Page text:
Q: I recently reserved a hotel room through ParkSleepFly.com, which offers hotel and parking packages near airports. Or so I thought. When I tried to check in at the Ramada Limited in Santa Clara, Calif., I discovered they had no reservation in my name.
I left my car at the long-term parking lot at the San Jose airport and phoned Ramada to see if I could get this sorted out, but they had no record of my reservation and couldn’t help me.
That proved to be a costly mistake. I paid $180 for parking, and ParkSleepFly charged a $13 deposit and $5 transaction fee for a hotel I never got to stay in.
I called ParkSleepFly.com to find out what happened, and a representative refunded $18 and promised to contact Ramada for me. That was more than two months ago. I think ParkSleepFly.com owes me the difference between the potential cost of the motel and the cost of parking. Don’t you?
— Sandra Ferguson, Santa Cruz, Calif.
A: Maybe. If ParkSleepFly.com sent your reservation to Ramada and received a confirmation from the hotel, then it would have done all it could. But if it never reserved your room, then yes, a simple refund of your reservation fee wouldn’t cut it.
This is one of the most common — and easily preventable — hotel snafus. With all due respect to ParkSleepFly.com and other online travel agencies, your hotel confirmation isn’t worth the paper it’s printed on. Reservations get lost between a Web site and a hotel, for a variety of reasons.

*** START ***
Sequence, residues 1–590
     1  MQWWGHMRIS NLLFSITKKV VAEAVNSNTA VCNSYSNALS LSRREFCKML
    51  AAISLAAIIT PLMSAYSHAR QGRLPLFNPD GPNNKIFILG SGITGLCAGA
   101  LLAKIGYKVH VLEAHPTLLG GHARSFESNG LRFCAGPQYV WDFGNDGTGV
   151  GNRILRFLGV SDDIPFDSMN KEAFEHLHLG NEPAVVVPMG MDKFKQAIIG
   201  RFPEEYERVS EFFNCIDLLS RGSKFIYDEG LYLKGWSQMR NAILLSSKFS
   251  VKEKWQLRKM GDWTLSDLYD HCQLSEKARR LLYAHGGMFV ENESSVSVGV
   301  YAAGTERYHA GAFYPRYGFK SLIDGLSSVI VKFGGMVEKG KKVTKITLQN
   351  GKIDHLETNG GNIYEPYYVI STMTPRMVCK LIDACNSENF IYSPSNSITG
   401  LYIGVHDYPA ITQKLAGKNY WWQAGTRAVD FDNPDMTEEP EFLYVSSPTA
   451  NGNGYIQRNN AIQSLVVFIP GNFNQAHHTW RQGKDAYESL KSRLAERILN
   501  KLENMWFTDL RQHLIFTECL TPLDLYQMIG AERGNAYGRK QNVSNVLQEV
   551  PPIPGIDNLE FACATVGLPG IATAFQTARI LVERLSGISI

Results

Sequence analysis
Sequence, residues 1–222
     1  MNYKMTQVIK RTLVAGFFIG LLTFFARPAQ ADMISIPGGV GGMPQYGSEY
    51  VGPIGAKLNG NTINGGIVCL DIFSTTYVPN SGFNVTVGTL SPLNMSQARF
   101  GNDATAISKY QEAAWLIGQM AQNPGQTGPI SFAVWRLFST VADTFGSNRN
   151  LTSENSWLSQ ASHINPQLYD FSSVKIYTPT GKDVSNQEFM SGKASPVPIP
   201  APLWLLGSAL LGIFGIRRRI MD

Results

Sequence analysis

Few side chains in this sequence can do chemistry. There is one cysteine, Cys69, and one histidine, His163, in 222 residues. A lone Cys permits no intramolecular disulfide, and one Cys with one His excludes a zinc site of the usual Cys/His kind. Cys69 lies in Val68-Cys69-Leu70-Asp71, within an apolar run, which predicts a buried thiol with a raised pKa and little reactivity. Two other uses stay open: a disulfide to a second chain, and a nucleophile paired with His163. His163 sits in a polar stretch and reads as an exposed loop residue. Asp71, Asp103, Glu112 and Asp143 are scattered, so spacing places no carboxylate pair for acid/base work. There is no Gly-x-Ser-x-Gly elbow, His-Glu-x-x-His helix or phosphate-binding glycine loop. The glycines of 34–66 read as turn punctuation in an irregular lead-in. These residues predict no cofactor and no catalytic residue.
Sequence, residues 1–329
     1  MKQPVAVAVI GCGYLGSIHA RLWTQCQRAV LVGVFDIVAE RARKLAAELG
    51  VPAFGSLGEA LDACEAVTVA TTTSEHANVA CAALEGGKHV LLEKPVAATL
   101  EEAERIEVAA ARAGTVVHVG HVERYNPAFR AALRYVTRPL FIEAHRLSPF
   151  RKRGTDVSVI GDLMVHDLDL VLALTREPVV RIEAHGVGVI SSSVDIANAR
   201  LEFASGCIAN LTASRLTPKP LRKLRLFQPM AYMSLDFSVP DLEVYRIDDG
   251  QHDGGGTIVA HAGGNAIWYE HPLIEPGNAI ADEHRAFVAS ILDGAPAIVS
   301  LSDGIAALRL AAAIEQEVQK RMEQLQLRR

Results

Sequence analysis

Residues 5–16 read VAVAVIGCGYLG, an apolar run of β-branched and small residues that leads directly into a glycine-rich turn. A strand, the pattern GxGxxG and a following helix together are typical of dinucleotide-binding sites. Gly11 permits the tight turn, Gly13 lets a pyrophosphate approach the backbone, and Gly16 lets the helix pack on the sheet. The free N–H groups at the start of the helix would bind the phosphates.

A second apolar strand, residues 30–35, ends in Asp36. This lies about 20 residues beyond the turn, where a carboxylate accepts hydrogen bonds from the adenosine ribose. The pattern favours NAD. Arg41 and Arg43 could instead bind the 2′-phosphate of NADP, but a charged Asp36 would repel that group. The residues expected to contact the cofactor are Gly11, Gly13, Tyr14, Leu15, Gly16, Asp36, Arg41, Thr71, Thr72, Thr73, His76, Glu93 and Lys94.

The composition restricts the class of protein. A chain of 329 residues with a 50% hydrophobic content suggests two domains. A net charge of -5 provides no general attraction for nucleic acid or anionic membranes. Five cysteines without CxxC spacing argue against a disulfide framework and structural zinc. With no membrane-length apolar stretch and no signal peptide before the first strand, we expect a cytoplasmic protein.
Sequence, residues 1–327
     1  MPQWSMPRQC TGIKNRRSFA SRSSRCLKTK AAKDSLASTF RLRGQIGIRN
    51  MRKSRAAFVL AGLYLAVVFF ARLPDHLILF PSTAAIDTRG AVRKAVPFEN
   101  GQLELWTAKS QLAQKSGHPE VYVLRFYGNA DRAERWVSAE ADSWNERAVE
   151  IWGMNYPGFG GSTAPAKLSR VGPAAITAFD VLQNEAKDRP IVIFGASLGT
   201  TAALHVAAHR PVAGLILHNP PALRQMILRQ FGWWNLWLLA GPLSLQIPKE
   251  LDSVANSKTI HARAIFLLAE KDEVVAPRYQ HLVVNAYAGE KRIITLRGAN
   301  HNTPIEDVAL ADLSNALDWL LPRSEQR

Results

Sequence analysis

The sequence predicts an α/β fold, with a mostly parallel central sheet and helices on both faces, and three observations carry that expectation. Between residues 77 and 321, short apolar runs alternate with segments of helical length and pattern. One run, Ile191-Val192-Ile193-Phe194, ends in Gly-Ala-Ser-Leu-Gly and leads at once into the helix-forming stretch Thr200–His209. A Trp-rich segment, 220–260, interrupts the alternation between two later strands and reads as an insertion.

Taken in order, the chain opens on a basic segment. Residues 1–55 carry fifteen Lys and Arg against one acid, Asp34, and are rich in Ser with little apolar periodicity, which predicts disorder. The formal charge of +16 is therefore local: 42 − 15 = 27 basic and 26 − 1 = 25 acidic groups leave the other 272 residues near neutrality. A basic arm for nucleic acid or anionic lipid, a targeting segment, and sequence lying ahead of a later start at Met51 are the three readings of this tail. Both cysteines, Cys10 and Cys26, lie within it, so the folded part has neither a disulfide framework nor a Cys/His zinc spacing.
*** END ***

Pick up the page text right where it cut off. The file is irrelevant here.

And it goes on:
Phoning the Ramada Limited a day before your arrival would have given ParkSleepFly.com a chance to fix this before you had to pay a $180 bill. But it also makes sense to double-check everything before you leave. I mean, you call your airline to confirm your flight. Why not dial the hotel, just to be safe?
Once you arrived at the hotel and learned you had no reservation, you might have considered hanging out for a while and politely asking for a manager. I realize you were about to catch a flight, and were probably worried about finding a Plan B for parking, but if you had a printout of your confirmation from ParkSleepFly.com, and could have spoken with a supervisor, it’s possible that this could have been straightened out quickly.
I contacted ParkSleepFly.com on your behalf to find out what went wrong. You received a personal apology from the company’s president, Tom Lombardi, who admitted that the ParkSleepFly.com “dropped the ball” on your reservation. “We have no explanation as to why the reservation did not make it to the Ramada,” he said. “All the other ones since we have been working with them were received and honored.”
ParkSleepFly.com offered to pay for your next stay at the Ramada in Santa Clara, or any other hotel it features at the San Jose airport.
Christopher Elliott is the ombudsman for National Geographic Traveler magazine and the host of “What You Get For The Money: Vacations” on the Fine Living Network. E-mail him at